The Mask, after twenty years, is back in comics and people’s minds. Unlike the Jim Carrey movie, which plays up the comedy factor, the comics tend to fall into cultural outrage. Even the initial title Masque was starting to become very political with commentary on the Vietnam war; so much so original creator Mike Richardson had to make it stop. Unfortunately for Richardson, after a while, political commentary seems too good to pass up. With today’s political climate, is it any wonder I Pledge Allegiance to the Mask comes out? Even then, what is the mask supposed to be if not outrage? Minor spoilers ahead!
“The Mask” Debut
Richardson might not be big into politics, but he doesn’t want his idea to go away either. The concept is, what would happen if people remove their inner inhibitions with the power to do whatever they want? That concept allows a revamp with a new design by Chris Warner. Series writer John Arcudi develops a story around the titular mask and how whoever has it wreaks havoc. Starting with the neurotic Stanley Ipkiss and his life in a bad town (Edge City), it shows how tragic the character’s fall is.
Stan starts sympathetic since he doesn’t have much to live for except his girlfriend, Kathy. The mask itself begins as a gift to Kathy, one that Kathy reveals is just a way of making up with her. Unfortunately, when Stan wears the mask and removes his inhibitions as Big Head, he slowly shows he’s another product of his environment. Stan becomes verbally abusive to Kathy and becomes addicted to the power of Big Head. Kathy later wears the mask to remove her inhibitions toward Stan and kill him. Does this mean the mask makes everyone evil? No, Arcudi reveals in later stories that this isn’t the case.
Getting Political… Again
The Mask’s real power is to remove people’s limitations, physical or mental. Meaning that rather than let reality or feelings get in the way, Big Head allows people to cut loose. People are products of his or her environment, and depending on their settings, there are forces out of their control. When circumstances allow some unsavory people to flourish while others did nothing wrong, these others want to lash out. In the second half of the original run, police lieutenant Mitch Kellaway has some of these problems.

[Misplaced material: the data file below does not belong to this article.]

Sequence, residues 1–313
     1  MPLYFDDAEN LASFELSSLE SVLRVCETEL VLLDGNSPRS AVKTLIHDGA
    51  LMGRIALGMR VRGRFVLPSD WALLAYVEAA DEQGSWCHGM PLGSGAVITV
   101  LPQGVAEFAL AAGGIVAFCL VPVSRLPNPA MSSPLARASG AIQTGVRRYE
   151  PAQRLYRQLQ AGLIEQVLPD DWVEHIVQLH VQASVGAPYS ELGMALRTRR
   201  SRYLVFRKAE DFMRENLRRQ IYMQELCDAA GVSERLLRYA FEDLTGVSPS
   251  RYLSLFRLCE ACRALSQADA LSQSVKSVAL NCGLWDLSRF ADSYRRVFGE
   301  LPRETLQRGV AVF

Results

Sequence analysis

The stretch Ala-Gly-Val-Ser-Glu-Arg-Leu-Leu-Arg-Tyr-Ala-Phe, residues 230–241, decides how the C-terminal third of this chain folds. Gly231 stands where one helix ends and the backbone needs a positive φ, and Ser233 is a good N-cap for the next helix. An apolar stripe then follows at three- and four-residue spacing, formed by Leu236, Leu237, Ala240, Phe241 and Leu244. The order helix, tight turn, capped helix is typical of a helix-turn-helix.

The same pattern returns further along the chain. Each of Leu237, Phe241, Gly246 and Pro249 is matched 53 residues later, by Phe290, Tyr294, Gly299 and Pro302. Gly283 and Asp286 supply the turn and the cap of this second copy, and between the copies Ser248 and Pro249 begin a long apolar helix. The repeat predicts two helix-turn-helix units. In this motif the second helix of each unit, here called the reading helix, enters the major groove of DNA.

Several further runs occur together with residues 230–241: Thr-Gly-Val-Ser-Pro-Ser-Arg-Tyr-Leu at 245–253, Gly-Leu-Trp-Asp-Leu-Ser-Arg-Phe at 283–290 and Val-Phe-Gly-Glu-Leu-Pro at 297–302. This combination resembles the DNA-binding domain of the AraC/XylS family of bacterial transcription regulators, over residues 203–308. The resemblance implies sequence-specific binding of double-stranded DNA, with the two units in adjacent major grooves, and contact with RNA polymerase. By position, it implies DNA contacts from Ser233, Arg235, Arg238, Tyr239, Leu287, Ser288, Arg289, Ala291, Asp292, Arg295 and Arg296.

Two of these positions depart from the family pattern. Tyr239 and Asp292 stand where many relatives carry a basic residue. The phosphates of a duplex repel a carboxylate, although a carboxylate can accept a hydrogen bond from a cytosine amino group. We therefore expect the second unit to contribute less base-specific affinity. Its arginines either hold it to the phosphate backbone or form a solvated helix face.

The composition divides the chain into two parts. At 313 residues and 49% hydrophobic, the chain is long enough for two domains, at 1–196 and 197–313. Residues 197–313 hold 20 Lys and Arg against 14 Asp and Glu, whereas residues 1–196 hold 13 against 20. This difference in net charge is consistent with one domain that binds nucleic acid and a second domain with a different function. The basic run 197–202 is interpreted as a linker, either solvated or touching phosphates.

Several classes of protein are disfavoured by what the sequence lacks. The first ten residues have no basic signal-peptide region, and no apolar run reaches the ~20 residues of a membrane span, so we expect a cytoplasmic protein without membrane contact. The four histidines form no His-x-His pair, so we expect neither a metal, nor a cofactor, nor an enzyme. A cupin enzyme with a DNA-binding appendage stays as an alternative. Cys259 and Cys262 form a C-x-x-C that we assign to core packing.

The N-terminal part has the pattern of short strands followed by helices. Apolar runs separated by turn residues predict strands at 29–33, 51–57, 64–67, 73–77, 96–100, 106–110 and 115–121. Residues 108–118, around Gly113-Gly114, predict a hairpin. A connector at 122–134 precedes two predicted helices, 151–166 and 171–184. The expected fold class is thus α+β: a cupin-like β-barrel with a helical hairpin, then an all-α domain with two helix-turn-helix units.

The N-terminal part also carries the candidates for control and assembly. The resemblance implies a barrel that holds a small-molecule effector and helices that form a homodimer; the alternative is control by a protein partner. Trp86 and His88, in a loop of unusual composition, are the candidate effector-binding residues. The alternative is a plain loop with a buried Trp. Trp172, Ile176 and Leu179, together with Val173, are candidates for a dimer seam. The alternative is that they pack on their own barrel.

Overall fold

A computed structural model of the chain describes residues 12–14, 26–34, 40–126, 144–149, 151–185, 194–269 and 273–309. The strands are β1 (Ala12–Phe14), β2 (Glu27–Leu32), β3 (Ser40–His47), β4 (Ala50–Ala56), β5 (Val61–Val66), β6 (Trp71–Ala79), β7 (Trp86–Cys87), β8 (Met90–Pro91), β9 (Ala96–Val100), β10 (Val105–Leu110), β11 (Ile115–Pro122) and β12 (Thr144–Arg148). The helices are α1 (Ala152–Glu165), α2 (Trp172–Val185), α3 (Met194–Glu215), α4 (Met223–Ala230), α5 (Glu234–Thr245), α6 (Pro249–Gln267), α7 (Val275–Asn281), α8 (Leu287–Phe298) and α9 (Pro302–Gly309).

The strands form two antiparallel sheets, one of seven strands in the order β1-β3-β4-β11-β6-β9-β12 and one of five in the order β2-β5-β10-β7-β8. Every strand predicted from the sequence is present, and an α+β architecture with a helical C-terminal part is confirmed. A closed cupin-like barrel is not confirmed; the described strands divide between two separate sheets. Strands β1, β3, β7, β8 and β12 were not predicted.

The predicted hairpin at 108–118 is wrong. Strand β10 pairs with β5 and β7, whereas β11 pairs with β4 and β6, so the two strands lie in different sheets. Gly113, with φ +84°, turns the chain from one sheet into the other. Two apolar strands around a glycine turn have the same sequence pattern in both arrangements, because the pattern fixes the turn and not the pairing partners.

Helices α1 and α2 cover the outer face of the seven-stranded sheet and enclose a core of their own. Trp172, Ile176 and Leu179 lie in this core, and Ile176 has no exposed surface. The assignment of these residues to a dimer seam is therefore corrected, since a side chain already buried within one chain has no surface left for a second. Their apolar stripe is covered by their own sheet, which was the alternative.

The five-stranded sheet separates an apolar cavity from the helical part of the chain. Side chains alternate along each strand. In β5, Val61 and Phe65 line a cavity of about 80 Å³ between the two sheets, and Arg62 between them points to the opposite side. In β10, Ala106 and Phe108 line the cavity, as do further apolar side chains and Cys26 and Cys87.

With mafias and drug dealers getting free thanks to a corrupt district attorney, Kellaway is up against a wall by his captain. The use of the mask allows Kellaway to work outside the law. Because it looks like the FBI wasn’t cracking down mobs in his city. Unfortunately, when the outrage threatens the people closest to you, there will be problems. Kellaway almost kills his only friend in the force (Lionel) but resists Big Head’s temptations. This ends up being a common theme in series runs after Arcudi.
Most runs after Arcudi follow the same formula of people who were oppressed by powerfully corrupt people. The Mask allowed the wearer to go on sprees that are intended to help the people closest to them. Because who doesn’t fantasize about raging against your worst enemy? When things get out of control, it’s the wearer’s ties to their loved ones that keep them from going insane. By this point, The Mask is mostly seen in small appearances or crossovers like with the Joker. To get on Richardson’s nerves, we can guess that the reason for this hiatus is due to people’s focus outside the US. After 9/11, people out of the borders seem to take more precedent than inside. That is until people start to outrage over political ideologies post-2016.
Return of the Mask… Through Politics
It looks like nobody’s going to get over how ugly the 2016 election was; when two presidential candidates prove to be untrustworthy, outrage sparks. Appearing in time for the 2020 elections, Big Head decides to parody power against the court of public opinion. The Big Head candidate (Abner) uses the persona’s infamy as a platform to get himself across. Not unlike how President Donald Trump uses controversy as a financially friendly means to spread his campaigns. Nobody even seems to care if the candidate could be an insane murderer.
At the same time, Big Head doesn’t merely (and literally) kill his competition, he reveals their shady backing. Even Kathy, now Edge City’s mayor and presidential candidate is threatened by her backers. Naturally, it’s not enough to reveal people’s ulterior motives but to encourage the public to act more like him. Because when things aren’t going people’s way, the only thing they really listen to is their outrage. It’s no secret that movements like Three Percenters and Antifa rise in reaction to the presidential elections. Their policies for direct action over legal proceedings perfectly encapsulates The Mask’s goal to cause chaos. You can’t call this a comeback for Big Head, however, the outrage was always there.
People always have something to rage over; some people just know how to hold it in better. It’s just a matter of time before that tension explodes. As long as there is outrage in one form or another, there too will be a Big Head. That is the reason Death Battle hosts Wiz and Boomstick sick the Mask on Deadpool.
What do you all think? Is the Mask an embodiment for outrage, or are we just leaving targets for apolitical readers? Leave your thoughts in the comments.